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Cheryl Guttman is a medical writer based in Deerfield, Ill.
Why progression to advanced disease may have a more dramatic impact on patients with neovascular AMD compared with those with central geographic atrophy.
This article was reviewed by Lucian V. Del Priore, MD, PhD.
The natural progression of vision-related quality of life (VRQoL) in individuals with age-related macular degeneration (AMD) who develop advanced disease may differ between those with central geographic atrophy (GA) versus those with neovascular disease, according to a study presented at ARVO 2020 by Yale University researchers.
Performed using data from the Age-Related Eye Disease Study, the study included 206 participants with central GA and 198 subjects with neovascular AMD (nAMD) who completed the National Eye Institute Visual Function Questionnaire (NEI-VFQ). The study findings could have potential implications for the design of future VRQoL research and for patient counseling, said Aneesha Ahluwalia, medical student, Yale University School of Medicine, New Haven, Connecticut.
“While previous work has demonstrated that there is a significant decrease in VRQoL when patients progress from early to advanced AMD, there is a paucity of literature exploring longitudinal trends before and after this transition and little is known about patient characteristics associated with changes in VRQoL. Additionally, prior VRQoL studies have either examined advanced AMD as a single group or focused on nAMD, despite the fact that advanced AMD can refer to either central GA or nAMD. As the number of individuals with AMD continues to increase and new treatments are being assessed for efficacy, it is important to understand the impact of both forms of advanced AMD on VRQoL,” she said. “Our findings suggest that future studies examining VRQoL in patients with advanced AMD may want to consider separately examining the central GA and nAMD cohorts.”
Analyses of change in VRQoL before and after the transition to advanced disease within each advanced AMD cohort showed that among participants with nAMD, the rate of decline of VRQoL was significantly greater after neovascularization occurred than it was before. However, there was no significant change in the rate of VRQoL decline after the development of central GA.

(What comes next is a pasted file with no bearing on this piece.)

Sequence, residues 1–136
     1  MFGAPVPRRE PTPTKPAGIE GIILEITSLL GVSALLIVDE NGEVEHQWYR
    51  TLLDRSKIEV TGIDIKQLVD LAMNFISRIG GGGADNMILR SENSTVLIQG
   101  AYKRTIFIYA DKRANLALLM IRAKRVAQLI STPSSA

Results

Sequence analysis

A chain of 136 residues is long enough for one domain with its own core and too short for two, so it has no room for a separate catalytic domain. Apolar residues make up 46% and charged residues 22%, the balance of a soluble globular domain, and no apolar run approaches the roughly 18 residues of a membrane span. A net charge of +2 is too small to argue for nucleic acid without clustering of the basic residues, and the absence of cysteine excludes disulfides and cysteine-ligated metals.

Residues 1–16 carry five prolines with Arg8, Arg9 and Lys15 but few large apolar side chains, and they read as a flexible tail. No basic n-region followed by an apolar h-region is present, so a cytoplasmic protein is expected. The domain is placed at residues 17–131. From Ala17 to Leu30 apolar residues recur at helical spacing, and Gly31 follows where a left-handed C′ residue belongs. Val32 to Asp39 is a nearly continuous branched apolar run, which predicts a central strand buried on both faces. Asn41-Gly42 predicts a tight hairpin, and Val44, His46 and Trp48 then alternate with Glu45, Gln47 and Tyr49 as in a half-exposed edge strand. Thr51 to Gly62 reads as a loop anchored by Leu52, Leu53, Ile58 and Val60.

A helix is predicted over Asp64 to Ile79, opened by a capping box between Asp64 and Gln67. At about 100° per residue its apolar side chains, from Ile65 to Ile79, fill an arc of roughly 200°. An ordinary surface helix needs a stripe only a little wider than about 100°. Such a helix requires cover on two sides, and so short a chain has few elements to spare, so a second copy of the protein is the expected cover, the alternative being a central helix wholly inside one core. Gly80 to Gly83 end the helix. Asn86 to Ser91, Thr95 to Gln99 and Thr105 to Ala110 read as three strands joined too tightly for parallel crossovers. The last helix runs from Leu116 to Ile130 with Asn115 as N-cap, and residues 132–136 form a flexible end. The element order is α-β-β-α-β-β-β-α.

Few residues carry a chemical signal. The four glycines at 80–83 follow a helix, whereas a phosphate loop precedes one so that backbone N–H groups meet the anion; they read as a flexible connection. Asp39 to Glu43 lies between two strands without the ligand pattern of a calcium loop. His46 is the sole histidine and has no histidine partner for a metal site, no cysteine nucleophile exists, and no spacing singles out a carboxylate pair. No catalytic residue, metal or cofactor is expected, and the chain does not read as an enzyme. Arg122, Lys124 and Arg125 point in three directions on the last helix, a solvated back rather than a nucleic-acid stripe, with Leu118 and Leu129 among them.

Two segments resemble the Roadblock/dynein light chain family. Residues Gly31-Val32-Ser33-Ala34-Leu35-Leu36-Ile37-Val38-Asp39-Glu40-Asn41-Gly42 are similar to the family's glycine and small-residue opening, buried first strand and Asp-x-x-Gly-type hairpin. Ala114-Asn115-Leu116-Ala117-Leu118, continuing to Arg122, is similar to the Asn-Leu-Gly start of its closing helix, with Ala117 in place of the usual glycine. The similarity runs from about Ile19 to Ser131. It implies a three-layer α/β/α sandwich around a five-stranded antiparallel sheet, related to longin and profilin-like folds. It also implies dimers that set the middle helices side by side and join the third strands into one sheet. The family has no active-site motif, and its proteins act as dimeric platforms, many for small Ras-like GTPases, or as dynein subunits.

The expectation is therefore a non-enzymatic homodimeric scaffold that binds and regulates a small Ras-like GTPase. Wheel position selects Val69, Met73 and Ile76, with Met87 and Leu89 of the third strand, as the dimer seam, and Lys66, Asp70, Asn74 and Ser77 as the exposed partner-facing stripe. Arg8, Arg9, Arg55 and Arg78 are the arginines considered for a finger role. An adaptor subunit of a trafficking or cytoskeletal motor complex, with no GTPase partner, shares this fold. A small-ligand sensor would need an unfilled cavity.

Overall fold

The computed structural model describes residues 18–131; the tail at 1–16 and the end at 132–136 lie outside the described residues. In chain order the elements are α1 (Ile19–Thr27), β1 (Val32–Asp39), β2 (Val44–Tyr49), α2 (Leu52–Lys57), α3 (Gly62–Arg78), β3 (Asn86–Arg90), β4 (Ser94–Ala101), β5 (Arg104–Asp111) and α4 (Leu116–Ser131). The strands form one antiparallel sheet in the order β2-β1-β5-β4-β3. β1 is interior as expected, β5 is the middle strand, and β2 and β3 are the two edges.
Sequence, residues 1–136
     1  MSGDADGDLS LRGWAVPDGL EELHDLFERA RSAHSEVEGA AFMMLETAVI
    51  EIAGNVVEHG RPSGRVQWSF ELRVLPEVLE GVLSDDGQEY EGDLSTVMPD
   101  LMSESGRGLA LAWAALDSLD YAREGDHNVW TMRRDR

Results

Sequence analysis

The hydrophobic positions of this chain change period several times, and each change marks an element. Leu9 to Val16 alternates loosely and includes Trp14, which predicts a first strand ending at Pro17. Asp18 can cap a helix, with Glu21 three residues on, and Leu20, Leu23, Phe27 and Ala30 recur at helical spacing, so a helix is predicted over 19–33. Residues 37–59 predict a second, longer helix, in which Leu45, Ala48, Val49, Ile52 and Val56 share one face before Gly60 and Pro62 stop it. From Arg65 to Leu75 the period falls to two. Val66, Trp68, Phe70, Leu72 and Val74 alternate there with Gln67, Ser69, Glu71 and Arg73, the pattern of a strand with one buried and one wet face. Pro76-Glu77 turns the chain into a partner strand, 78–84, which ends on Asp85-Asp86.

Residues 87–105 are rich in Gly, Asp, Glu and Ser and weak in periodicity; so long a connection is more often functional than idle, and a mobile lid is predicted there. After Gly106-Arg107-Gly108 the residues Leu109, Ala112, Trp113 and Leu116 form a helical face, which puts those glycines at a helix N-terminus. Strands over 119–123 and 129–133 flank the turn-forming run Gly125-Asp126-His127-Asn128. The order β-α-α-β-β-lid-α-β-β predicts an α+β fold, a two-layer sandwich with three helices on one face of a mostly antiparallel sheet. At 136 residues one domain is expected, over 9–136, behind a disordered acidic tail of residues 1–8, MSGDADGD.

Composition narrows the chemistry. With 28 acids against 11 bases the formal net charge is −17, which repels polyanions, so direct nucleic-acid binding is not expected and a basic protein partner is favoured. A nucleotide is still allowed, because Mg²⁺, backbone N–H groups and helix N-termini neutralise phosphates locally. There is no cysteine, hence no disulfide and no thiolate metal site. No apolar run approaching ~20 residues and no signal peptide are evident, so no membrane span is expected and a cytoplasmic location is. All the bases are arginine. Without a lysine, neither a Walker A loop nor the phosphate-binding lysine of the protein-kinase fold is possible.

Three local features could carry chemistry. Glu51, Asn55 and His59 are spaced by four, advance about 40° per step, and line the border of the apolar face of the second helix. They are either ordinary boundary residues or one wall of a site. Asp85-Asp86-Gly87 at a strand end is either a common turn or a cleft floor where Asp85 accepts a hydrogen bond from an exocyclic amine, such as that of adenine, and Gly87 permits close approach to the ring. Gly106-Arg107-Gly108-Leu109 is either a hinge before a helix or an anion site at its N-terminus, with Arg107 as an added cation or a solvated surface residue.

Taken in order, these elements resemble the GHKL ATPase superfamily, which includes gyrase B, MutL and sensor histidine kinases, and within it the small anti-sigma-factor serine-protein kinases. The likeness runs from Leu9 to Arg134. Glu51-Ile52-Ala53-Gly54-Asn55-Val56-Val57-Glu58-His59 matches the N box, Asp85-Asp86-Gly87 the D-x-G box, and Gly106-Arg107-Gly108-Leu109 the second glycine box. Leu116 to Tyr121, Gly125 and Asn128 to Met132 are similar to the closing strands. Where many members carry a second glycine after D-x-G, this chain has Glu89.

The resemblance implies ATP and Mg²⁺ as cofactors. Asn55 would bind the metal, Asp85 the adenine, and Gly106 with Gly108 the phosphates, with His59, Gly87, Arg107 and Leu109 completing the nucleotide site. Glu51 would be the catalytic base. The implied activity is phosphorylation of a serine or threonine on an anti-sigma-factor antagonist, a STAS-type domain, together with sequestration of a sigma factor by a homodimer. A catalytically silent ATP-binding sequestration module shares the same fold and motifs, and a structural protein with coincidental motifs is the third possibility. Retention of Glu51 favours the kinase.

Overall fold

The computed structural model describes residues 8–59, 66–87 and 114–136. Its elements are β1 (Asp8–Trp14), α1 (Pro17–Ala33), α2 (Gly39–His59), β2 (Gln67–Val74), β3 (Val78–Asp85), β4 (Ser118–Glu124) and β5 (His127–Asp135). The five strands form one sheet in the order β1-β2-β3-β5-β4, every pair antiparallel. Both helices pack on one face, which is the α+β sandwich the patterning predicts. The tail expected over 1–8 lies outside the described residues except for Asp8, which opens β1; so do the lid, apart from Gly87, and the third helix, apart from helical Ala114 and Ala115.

“When we grouped both cohorts together, we found that the rate of VRQoL decline significantly increased after the development of advanced disease, which was likely being driven by the nAMD cohort,” Ahluwalia said. “These results suggest that the progression to advanced disease may have a more dramatic impact on VRQoL in patients with nAMD compared to those with central GA.”
Ahluwalia noted that these data mirror the clinical experience that nAMD patients generally maintain good visual function until the onset of neovascularization, whereas as GA develops, patients often experience a slower, steadier deterioration in visual function that allows them to adapt.
The investigation also determined that women and individuals with higher baseline VRQoL were more likely to experience a longitudinal decline in VRQoL over the study period. The gender association is consistent with reports of lower cross-sectional VRQoL scores among women with various ophthalmic conditions, including AMD. Previous studies have also shown that BCVA decline over time is greater in individuals who start with a higher baseline level, Ahluwalia said.
“Simply put, individuals who begin with a higher baseline VRQoL may have more to lose, while the finding that longitudinal VRQoL decline in more likely in women could be related to gender differences in the impact of visual impairment on daily activities and warrants further investigation,” Ahluwalia said.